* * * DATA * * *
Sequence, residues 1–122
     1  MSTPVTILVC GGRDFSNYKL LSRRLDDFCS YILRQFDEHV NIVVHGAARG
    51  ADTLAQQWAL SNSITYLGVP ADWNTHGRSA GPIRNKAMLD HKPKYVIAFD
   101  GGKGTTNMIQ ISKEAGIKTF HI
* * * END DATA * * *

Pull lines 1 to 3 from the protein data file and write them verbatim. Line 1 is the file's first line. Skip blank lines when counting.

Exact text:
Sequence, residues 1–122
     1  MSTPVTILVC GGRDFSNYKL LSRRLDDFCS YILRQFDEHV NIVVHGAARG
    51  ADTLAQQWAL SNSITYLGVP ADWNTHGRSA GPIRNKAMLD HKPKYVIAFD